Importance of Iron in Kidney Diet

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When kidneys are not fully functioning, the production of red blood cells can decline and cause anemia in many kidney patients. A major cause of this anemia is iron deficiency. In fact, according to the National Institute of Health, there are more than 1.6 million kidney patients in the United States living with iron deficiency anemia, commonly referred to as IDA.

Side-Effects of Iron Deficiency Anemia (IDA)

Unfortunately, IDA often goes undiagnosed or misdiagnosed and is, therefore, left untreated, which leaves patients living with the chronic symptoms of anemia. Deficiency symptoms such as extreme tiredness, dizziness, headaches, coldness in hands and feet, shortness of breath and frequent infections inhibit one's quality of life.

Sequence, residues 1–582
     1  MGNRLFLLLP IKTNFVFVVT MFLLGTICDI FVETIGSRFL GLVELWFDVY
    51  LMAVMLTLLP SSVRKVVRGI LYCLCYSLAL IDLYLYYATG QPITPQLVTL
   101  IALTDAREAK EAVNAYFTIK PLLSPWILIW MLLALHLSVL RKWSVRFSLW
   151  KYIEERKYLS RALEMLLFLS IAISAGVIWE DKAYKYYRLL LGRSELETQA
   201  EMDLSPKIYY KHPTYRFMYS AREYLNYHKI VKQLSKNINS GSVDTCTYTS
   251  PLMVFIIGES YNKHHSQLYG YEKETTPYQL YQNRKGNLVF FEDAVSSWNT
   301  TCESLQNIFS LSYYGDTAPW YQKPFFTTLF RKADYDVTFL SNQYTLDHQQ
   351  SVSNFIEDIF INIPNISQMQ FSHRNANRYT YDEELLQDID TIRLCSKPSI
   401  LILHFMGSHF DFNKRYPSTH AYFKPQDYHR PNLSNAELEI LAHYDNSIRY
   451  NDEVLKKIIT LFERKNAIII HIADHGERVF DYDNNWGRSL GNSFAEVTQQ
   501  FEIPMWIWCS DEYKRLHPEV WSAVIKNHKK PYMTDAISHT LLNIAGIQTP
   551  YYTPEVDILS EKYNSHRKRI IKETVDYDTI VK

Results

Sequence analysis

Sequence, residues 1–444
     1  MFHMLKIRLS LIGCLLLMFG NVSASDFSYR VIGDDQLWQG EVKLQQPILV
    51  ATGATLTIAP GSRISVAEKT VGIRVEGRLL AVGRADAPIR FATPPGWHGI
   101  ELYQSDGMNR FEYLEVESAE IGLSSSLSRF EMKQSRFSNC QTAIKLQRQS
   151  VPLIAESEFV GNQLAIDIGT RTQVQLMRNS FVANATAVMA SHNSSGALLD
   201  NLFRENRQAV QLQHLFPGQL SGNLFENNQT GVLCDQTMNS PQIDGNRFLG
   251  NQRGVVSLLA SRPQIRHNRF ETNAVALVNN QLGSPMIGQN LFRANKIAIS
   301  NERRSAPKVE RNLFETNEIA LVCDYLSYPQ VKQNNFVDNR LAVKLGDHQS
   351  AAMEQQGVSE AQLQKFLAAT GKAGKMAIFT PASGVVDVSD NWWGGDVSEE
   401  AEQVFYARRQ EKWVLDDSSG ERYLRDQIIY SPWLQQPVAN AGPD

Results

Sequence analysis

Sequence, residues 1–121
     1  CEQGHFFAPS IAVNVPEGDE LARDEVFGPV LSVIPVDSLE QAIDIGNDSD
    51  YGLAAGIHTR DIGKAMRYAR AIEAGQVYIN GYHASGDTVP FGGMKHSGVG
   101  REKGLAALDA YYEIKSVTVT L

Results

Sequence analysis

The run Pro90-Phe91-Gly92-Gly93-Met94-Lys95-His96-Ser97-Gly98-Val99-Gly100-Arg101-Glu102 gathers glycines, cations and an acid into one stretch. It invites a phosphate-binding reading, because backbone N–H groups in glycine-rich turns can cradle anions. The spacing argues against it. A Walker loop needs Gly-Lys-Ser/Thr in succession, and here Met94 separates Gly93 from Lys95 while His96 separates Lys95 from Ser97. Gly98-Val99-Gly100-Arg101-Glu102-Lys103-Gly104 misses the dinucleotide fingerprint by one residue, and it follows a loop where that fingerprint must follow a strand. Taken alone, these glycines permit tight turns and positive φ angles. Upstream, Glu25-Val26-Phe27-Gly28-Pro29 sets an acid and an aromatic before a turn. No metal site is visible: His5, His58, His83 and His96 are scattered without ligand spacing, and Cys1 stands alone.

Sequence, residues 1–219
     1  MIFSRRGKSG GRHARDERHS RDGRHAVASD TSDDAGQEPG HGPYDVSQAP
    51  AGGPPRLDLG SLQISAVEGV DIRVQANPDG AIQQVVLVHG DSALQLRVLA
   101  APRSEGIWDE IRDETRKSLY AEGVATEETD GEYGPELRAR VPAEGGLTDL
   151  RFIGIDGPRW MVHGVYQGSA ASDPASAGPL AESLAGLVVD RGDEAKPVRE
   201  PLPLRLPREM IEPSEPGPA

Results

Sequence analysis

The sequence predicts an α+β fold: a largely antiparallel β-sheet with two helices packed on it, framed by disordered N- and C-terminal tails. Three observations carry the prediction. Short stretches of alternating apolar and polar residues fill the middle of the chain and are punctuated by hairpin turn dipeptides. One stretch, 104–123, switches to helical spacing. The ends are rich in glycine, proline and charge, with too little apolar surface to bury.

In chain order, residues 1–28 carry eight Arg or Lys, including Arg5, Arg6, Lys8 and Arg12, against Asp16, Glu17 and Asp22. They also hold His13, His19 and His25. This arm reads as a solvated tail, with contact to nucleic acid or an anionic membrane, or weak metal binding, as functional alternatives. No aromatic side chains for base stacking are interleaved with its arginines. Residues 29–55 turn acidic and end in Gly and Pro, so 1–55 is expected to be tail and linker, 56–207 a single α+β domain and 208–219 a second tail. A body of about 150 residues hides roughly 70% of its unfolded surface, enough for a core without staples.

IDA Treatments

Most kidney patients with IDA will be prescribed oral iron. However, because many patients with kidney complications have reduced iron absorption due to inflammation, treatment guidelines recommend that oral iron is given for one to three months, and if the patients anemia does not resolve, that they move the patient to IV iron.

What Can You Do Personally?

Individuals with kidney disease should protect themselves by having their iron checked regularly. If diagnosed, one should talk to their doctor who can organize a treatment option that is best for the individual. Also, utilize to remain informed about IDA and other health challenges associated with kidney disease.

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